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Smartphone assistive technology for the sight impaired

In previous issues we’ve covered some specific smartphones that have been developed for the sight impaired. Samsung are now doing something similar, but in the form of accessories. In March 2014 they announced, with immediate availability, three interesting accessories to assist the sight impaired.

At present they only work with one specific Samsung Smartphone, the Galaxy Core Advance. Samsung have stated they plan to support other smartphones in their range in the future. Galaxy Core Advance is a large screen, low cost, smartphone that has just been released. At the time of writing it is available without contract for £170 (Clove Technology –


Figure 1.


Figure 2.

Figure 3.


The accessories:

  • Ultrasonic cover: The smartphone is positioned within the ultrasonic cover as illustrated (Figure 1) and acts like a two metre ‘white stick’. If held in front of a user the unit detects obstacles around the device and informs the user by means of vibration or spoken words.
  • Optical scan stand: The second accessory is a low cost (£25 at time of writing) stand that turns the smartphone into a CCTV type reader. These devices typically cost upwards of £1000. The smartphone is connected to the stand as illustrated opposite (Figure 2). Once the appropriate app is loaded on the smartphone any written material placed on the stand is spoken out loud.
  • Voice labels: The final accessories are packs of ‘voice label’ stickers (Figure 3). Users (or friends) can record names or notes and link these audio descriptions to individual stickers. The stickers can then be affixed to items or clothing around the environment. Thereafter, if the smartphone is brought close to any of the stickers the pre-recorded text is spoken out loud. The stickers could be used to record instructions for items like washing machines, or maybe identify descriptions of items of clothing if stickers were to be placed on labels. For those interested the voice labels are a type of NFC (Near Field Communication) sticker. NFC is the same technology built into UK ePassports and wireless credit card payment systems.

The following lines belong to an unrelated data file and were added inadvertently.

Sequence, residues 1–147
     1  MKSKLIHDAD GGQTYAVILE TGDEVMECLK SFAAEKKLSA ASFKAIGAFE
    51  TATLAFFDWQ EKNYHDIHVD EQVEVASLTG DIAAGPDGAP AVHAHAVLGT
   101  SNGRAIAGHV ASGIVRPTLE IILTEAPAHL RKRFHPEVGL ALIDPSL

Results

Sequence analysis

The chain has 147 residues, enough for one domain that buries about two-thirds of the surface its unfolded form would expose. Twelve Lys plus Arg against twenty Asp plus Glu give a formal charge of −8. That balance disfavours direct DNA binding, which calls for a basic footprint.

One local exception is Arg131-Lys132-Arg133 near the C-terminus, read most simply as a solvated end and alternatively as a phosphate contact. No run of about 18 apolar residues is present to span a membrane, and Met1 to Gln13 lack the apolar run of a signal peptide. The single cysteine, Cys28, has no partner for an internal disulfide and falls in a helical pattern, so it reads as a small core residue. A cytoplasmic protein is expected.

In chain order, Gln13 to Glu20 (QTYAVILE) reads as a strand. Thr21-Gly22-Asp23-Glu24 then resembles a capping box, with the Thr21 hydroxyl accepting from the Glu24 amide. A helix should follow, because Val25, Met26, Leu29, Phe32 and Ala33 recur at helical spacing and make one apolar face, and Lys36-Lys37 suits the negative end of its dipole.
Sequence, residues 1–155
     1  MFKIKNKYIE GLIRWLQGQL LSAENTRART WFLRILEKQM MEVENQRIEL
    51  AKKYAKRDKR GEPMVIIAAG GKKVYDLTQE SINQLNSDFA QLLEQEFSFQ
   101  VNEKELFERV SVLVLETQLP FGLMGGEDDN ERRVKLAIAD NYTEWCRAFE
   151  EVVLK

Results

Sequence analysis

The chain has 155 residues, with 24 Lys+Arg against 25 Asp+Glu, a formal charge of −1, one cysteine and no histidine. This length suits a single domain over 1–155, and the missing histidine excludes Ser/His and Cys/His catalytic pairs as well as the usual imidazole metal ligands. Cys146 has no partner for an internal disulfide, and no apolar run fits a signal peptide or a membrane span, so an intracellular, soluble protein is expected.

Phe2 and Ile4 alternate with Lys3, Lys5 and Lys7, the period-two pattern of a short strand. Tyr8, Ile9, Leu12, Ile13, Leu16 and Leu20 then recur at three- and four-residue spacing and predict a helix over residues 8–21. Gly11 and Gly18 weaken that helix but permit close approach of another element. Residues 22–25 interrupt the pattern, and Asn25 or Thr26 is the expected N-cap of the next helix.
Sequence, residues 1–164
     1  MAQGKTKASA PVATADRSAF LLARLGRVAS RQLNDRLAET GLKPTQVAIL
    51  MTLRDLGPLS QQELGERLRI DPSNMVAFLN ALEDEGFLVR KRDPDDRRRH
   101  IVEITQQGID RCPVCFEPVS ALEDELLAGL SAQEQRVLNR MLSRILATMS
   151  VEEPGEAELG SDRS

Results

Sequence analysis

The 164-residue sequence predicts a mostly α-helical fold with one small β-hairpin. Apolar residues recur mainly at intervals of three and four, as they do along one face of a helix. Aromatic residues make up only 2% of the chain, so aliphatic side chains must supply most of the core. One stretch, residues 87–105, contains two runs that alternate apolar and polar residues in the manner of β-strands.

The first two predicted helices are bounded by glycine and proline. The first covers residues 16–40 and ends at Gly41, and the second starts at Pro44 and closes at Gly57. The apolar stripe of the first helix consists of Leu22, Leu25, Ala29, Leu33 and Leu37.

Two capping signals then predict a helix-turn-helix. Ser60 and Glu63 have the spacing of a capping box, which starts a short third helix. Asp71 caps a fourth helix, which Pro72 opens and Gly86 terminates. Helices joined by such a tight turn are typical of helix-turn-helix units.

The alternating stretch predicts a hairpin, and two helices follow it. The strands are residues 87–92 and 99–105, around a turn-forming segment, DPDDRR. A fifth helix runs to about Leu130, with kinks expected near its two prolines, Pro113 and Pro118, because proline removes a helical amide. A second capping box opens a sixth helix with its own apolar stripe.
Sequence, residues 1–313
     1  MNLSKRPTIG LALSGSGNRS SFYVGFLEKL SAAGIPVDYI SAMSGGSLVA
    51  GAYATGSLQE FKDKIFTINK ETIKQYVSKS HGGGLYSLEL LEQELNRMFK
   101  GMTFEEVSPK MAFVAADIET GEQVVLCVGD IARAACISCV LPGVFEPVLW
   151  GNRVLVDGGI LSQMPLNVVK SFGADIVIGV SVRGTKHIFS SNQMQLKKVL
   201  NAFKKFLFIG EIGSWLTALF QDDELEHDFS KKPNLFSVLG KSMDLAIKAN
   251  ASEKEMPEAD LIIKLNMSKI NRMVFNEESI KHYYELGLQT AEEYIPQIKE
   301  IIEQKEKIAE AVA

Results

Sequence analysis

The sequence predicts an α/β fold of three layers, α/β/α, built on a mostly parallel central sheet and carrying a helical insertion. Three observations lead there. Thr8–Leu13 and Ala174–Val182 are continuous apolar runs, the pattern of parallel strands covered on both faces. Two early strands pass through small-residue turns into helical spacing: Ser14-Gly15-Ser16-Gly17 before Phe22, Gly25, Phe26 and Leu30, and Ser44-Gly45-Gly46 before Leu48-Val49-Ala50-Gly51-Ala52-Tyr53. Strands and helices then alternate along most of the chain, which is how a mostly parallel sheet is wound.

In addition to these accessories the smartphone in question includes some features for the sight impaired as standard. These are a light sensing app, an instant voice recorder and a voice guided camera. If you want to read the press release in full, here is a short link:


In April 2014 a new computer security bug, named Heartbleed, was discovered. The bug has received widespread media coverage and if you have not already read about it a simple Google search will direct you to plenty of information on the topic. The purpose of mentioning the problem here is to share a few simple lines about what action you should take if you haven’t done anything so far. The problem here is that simply changing your passwords to important websites will not fix your vulnerability until that website has fixed their own security. After that is done a password change will sort out your security. Until then there is a proven risk that your accounts could be compromised. Several firms have taken to emailing all their clients once they have made the appropriate fixes, then encouraging users to change their passwords.

The advice for best security is to change your passwords for sites you consider important once they have fixed their site. Lastpass run a service for keeping all your passwords safe that I have recommended in the past. They have a search function on their site which will allow you to check the status of any websites you type in –

Checking your important sites on this webpage will tell you if you are safe to change your passwords yet.


Declaration of Competing Interests: 
The author has no proprietary interest in any of the products discussed.





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David Haider

Bolton NHS Foundation Trust, Royal Bolton Hospital, UK.

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